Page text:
SQL Server Replication – Types of Replication – Merge Replication

Recently assisted one of my friend’s to choose technology to synchronous databases.   Came across number of options like Replication, Sync Framework etc.  Documenting those for future use.


Replication Model

Following are the main components for a SQL Server Replication Model:








A replication topology defines the relationship between servers and copies of data and clarifies the logic that determines how data flows between servers.

There are several replication processes (referred to as agents) that are responsible for copying and moving data between the Publisher and Subscribers

Components of SQL Server Replication

Publisher – Publishers are the servers or SQL Server instance(s) that have the data you want to replicate.  The Publisher can have one or more publications, each defining a logically related set of objects and data to replicate.

Distributor – A Distributor you can say a central Database instance in replication which hosts the agents which are responsible for moving data from a publisher to subscriber(s).  A Distributor server also hosts a Distribution Database which is associated with Publisher.  This database stores metadata about the publication, replication status data etc.

Subscriber – A Subscriber is a database instance that receives replicated data.  A Subscriber can receive data from multiple Publishers and publications.  Depending on the type of replication chosen, the Subscriber can also pass data changes back to the Publisher or republish the data to other Subscribers.

Agents – There are multiple agents available in replication depending upon the type of replication we are using.  The main job of a replication agent is distributing data around the replication topology.   A replication agent is controlled by the SQL Server Agent.

Publication – A publication is a collection of one or more articles from one database.  The grouping of multiple articles into a publication makes it easier to specify a logically related set of database objects and data that are replicated as a unit.

Articles – An article is a smallest unit of a publication.  An article can be a table, view, stored procedure or a function.  Where an article is based on a table or view, it can contain all the data or just part of it.  We can also use filters while selecting articles depending on our requirement.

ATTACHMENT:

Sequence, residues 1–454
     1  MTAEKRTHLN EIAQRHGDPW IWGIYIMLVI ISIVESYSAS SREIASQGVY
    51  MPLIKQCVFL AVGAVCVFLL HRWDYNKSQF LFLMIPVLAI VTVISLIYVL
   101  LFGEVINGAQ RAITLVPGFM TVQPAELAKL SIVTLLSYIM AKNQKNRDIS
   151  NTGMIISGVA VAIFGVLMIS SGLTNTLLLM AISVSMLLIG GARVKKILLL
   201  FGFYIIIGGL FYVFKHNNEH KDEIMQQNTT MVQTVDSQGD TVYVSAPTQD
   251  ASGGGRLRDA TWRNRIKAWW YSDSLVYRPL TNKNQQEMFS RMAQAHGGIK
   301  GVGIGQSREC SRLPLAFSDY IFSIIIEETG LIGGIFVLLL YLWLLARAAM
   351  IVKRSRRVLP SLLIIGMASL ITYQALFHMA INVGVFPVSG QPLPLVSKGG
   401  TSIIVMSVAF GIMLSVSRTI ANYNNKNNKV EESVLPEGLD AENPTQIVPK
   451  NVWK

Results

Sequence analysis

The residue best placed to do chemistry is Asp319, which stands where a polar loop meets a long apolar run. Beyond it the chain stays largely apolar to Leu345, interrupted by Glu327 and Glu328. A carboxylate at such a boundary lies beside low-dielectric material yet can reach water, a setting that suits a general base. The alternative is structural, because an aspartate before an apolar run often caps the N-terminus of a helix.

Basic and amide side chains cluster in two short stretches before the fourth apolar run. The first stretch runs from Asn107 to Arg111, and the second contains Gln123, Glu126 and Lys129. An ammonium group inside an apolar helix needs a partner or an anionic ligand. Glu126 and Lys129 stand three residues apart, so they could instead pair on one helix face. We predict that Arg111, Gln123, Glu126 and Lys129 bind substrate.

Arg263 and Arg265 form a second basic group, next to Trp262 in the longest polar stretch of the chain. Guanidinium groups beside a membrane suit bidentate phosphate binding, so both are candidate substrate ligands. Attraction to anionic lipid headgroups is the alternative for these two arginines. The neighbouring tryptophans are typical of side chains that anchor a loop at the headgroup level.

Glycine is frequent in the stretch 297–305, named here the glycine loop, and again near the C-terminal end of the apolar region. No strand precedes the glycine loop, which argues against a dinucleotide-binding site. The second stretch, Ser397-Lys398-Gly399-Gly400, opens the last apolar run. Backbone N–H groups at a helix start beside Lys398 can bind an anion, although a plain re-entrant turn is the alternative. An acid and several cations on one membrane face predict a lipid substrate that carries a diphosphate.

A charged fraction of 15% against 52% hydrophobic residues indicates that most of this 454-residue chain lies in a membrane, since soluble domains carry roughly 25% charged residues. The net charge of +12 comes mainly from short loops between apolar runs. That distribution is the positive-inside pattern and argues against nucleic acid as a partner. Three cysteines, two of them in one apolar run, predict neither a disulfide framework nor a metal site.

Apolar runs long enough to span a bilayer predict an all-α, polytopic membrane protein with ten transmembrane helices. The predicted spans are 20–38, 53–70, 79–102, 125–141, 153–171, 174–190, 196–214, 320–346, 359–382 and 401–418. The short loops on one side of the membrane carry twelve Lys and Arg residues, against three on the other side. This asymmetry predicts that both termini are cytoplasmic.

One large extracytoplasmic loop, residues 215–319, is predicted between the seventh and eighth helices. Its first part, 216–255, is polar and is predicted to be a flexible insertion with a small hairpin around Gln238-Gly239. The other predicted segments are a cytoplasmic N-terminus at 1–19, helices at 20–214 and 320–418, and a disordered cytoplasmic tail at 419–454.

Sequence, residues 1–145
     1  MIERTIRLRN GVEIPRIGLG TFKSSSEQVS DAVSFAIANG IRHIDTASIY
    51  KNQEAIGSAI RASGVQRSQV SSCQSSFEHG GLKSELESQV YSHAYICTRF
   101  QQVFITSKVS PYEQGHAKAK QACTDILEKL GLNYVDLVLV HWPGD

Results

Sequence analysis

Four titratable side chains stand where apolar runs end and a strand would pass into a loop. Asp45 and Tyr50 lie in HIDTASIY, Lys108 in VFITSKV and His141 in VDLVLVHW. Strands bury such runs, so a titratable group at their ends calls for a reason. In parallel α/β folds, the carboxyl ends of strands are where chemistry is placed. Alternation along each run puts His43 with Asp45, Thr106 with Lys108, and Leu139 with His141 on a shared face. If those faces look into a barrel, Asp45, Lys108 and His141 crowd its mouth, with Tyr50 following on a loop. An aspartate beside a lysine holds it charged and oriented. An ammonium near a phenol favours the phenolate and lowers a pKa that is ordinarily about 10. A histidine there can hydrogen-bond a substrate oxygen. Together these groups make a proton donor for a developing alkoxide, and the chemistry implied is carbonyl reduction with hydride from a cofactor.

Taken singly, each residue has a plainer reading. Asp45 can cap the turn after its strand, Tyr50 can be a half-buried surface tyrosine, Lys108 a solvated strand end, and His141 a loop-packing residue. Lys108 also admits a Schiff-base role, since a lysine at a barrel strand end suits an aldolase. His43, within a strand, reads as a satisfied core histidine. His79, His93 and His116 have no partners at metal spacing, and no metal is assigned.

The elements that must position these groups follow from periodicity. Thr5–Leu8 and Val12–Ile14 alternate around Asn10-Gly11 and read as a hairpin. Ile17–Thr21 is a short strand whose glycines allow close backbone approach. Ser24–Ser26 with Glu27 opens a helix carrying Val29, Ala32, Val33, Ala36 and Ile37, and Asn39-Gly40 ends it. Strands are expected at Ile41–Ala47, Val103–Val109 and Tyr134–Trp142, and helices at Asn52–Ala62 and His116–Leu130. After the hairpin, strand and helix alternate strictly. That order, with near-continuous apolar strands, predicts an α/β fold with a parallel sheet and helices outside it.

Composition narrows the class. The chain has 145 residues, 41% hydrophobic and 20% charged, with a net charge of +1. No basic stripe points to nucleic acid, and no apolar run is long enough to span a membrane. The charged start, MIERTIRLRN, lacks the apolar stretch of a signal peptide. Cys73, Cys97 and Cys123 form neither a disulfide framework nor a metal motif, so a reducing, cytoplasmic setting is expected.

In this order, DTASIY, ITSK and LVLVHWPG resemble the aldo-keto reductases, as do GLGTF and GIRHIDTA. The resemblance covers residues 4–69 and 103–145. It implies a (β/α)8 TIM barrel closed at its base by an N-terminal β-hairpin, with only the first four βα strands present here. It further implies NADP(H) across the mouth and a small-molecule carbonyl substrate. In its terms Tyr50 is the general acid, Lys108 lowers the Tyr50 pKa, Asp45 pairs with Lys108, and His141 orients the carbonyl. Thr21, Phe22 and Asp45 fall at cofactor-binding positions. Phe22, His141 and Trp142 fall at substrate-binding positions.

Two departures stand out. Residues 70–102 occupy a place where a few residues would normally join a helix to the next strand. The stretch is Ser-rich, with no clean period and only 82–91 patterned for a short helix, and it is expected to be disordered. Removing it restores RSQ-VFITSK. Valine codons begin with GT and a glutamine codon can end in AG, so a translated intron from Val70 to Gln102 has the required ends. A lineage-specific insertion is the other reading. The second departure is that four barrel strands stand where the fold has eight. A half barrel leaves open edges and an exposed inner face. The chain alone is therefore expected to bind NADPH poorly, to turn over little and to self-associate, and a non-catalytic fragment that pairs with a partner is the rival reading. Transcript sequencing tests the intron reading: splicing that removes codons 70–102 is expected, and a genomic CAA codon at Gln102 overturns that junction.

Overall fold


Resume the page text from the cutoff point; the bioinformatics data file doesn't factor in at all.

Subscription – A subscription is a copy of a publication which was either delivered at or requested by the Subscriber depending upon the type of subscription.  There are two types of subscriptions: Push and Pull.

Types of SQL Server Replication

Microsoft SQL Server provides three types of replication

Snapshot Replication – Snapshot replication involves copying the articles that make up the publication.  Normally, if they exist already on the subscriber, they are over-written, though this behavior can be changed.  Snapshot replication is more expensive in terms of overhead and network traffice and only takes place at intervals.  Because locks are held during snapshot replication, this can impact other users of the subscriber database.  It is therefore more suitable for static data and enumerations.

Transactional Replication – Transaction replication distributes data in one direction, but transactional replication does offer options that allow updates at the Subscriber.  Once a snapshot replication has synchronized the subscribers with the publisher, all committed transactions on the publisher are then propagated to the subscribers in sequence, via distributed transactions.  One can select a queued update or immediate, depending on requirements.  Transactional replication tracks changes through the SQL Server transaction log.  Transactional replication can have immediate or queued updatable subscribers.

Transactional Replication can be of two types:

– Peer-to-peer Transactional Replication – This is a special type of transactional replication in which every participant act both as a publisher and subscriber

– Bidirectional Transactional Replication – This is where two databases replicate the same articles to each other via a distributor.  There must be loopback detection.  Data conflicts aren’t handled and the replication must be implemented in code, since the GUI doesn’t support it.

Merge Replication – Merge replication is used when several Subscribers might need to update the same data at various times and propagate those changes back to the Publisher and hence to other Subscribers.  It is also required in applications that involve Subscribers receiving data, making changes offline, and finally reconnecting with the publisher to synchronize changes with the Publisher and other Subscribers.

Replication and types of Replication:





Step by Step:





How to choose type of replication





Other Useful Links:














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